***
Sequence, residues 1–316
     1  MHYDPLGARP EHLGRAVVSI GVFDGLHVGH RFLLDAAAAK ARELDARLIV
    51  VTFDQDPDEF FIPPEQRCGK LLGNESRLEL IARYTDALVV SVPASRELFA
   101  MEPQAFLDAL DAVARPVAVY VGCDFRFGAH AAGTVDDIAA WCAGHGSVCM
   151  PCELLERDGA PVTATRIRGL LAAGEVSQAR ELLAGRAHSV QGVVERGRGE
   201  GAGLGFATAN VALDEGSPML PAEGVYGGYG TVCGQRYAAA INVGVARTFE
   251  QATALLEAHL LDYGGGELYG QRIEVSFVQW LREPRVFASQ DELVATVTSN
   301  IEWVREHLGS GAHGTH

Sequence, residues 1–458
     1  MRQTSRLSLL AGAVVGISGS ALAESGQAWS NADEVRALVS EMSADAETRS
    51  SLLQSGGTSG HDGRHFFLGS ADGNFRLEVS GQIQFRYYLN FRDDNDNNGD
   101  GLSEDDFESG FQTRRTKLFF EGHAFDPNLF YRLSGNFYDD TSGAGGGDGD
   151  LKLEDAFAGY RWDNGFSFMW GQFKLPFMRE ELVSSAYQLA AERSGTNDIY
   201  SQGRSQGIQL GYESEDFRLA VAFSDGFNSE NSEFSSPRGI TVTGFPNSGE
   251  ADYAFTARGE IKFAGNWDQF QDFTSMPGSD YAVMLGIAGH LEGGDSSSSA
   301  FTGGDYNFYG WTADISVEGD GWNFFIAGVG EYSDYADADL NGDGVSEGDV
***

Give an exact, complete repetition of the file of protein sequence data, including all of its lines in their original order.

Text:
Sequence, residues 1–316
     1  MHYDPLGARP EHLGRAVVSI GVFDGLHVGH RFLLDAAAAK ARELDARLIV
    51  VTFDQDPDEF FIPPEQRCGK LLGNESRLEL IARYTDALVV SVPASRELFA
   101  MEPQAFLDAL DAVARPVAVY VGCDFRFGAH AAGTVDDIAA WCAGHGSVCM
   151  PCELLERDGA PVTATRIRGL LAAGEVSQAR ELLAGRAHSV QGVVERGRGE
   201  GAGLGFATAN VALDEGSPML PAEGVYGGYG TVCGQRYAAA INVGVARTFE
   251  QATALLEAHL LDYGGGELYG QRIEVSFVQW LREPRVFASQ DELVATVTSN
   301  IEWVREHLGS GAHGTH

Sequence, residues 1–458
     1  MRQTSRLSLL AGAVVGISGS ALAESGQAWS NADEVRALVS EMSADAETRS
    51  SLLQSGGTSG HDGRHFFLGS ADGNFRLEVS GQIQFRYYLN FRDDNDNNGD
   101  GLSEDDFESG FQTRRTKLFF EGHAFDPNLF YRLSGNFYDD TSGAGGGDGD
   151  LKLEDAFAGY RWDNGFSFMW GQFKLPFMRE ELVSSAYQLA AERSGTNDIY
   201  SQGRSQGIQL GYESEDFRLA VAFSDGFNSE NSEFSSPRGI TVTGFPNSGE
   251  ADYAFTARGE IKFAGNWDQF QDFTSMPGSD YAVMLGIAGH LEGGDSSSSA
   301  FTGGDYNFYG WTADISVEGD GWNFFIAGVG EYSDYADADL NGDGVSEGDV